Over- and Under-Functioning
We’ve addressed the behavioral operating styles of the emotional pursuer and the emotional distancer (see last two posts). Another behavioral operating pattern can develop between an over-functioner and an under-functioner.
Over time, partners can come to depend on the strengths of their partner to fill in places where one is less developed. In times of low-stress, this presents little problem, but in times of tension—times when it’s important to be able to come to one’s own aid—it may become clear that the ability to perform some function has so atrophied (or never developed) that the void becomes painfully obvious, causing increased tension and stress.
Such increasing interdependence can build and become reciprocal: when one partner functions well, the other functions poorly. The reciprocity can see-saw back and forth, or it can become relatively fixed. Fixed states produce emotional dysfunction.
The clearest examples are the extreme ones, such as where addiction is present. Often the non-addict partner over-functions in many areas—parenting, household maintenance, economic tasks—while the addict under-functions in most or all of these areas. When the addict stops using and begins to raise his or her level of functioning and wellness, the over-functioning partner often becomes depressed or otherwise reactive. The reciprocity then shifts, and the former addict then becomes the over-functioning partner to make up for the deficit in the formerly over-functioning partner.
Too Helpful is Unhelpful
Understanding the way reciprocal functioning swings back and forth over time can validate the experience of both partners, and can motivate an attempt to change this behavioral operating pattern. It is the over-functioner who typically has the easiest time changing his or her part in this process.
When a couple in this pattern seeks counseling, the over-functioner usually presents the partner as the sole problem, without realizing over-functioning itself is part of the problem. Any addiction issues do need to be addressed first, but not to the exclusion of the interpersonal relationship dynamics of reciprocal functioning. When these dynamics are addressed, the contribution of the over-functioner must be presented delicately lest it seem insensitive to the overwhelming burden he or she carries and to the heroic feat of holding up a mini-world every day, virtually alone.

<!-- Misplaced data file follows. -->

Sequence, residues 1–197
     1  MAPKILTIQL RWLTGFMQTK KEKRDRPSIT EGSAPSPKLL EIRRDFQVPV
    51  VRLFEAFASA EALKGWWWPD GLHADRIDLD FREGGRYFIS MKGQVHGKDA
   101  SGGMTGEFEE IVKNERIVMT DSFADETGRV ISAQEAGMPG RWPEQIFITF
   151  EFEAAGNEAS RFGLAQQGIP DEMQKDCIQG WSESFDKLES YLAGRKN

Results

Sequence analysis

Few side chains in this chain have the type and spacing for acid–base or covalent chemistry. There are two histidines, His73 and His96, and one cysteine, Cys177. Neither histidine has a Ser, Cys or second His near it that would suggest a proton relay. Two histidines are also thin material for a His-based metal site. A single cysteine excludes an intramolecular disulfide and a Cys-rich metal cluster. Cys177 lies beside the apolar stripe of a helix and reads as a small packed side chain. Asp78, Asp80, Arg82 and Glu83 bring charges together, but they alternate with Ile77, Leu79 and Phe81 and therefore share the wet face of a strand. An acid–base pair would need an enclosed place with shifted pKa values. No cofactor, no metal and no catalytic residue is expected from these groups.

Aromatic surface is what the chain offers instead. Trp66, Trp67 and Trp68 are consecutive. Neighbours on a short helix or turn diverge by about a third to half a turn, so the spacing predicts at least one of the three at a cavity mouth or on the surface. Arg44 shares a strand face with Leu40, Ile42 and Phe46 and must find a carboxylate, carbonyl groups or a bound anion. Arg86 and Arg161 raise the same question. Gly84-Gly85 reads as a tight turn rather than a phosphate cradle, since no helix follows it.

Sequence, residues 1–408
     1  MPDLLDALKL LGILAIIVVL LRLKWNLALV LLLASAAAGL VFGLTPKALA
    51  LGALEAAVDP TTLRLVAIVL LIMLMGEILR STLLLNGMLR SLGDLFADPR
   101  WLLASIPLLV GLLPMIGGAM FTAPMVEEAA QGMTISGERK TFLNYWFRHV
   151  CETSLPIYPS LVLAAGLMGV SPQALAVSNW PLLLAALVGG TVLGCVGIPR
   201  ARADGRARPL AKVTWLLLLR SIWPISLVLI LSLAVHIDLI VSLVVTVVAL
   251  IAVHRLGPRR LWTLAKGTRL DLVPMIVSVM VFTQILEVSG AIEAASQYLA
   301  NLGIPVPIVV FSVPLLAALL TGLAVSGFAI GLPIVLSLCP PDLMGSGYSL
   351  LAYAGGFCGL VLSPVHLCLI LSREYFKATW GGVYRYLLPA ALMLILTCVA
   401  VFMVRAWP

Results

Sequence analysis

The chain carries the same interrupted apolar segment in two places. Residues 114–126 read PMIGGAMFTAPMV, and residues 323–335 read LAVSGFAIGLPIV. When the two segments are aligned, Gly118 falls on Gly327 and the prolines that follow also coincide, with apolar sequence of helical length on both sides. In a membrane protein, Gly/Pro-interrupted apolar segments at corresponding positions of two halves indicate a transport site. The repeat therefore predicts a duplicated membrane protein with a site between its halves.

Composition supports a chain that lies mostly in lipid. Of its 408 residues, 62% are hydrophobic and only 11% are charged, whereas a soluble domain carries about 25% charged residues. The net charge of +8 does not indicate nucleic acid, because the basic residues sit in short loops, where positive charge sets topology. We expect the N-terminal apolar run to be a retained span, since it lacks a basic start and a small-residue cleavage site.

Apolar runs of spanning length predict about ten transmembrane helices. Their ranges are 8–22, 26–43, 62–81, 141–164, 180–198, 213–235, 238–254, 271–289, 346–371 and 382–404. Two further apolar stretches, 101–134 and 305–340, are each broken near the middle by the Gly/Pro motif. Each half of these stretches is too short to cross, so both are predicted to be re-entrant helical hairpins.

While the addict focuses on recovery, the over-functioning partner can focus on his or her role in the reciprocal functioning pattern, starting with lowering his or her reactivity to the addict’s symptoms. This requires relating to the partner without talking about the symptoms, making a connection on something else.
Also, the over-functioning partner must begin communicating more openly about his or her own vulnerability in order to restore some sense of balance in the relationship. This usually surfaces a preexisting pattern in which his or her emotional demands were unmet and emotional upset invalidated.
With help, the addict can come to understand and validate the partner’s vulnerability, which can provide some energy toward his or her own recovery process. In turn, this often surfaces a common triangle—one between the addict, a parent of the addict, and the partner of the addict.
These patterns can change when both partners are focused and committed to making them change. While this change may not occur exactly simultaneously, it does need to happen at similar times and at a similar rate, or the growth process itself can overtax the system beyond repair. Still, the only way out is to give the effort one’s whole heart.
Tomorrow, we’ll look at how the (conscious and unconscious) expectations a person brings into relationship can alienate partners from one another over time.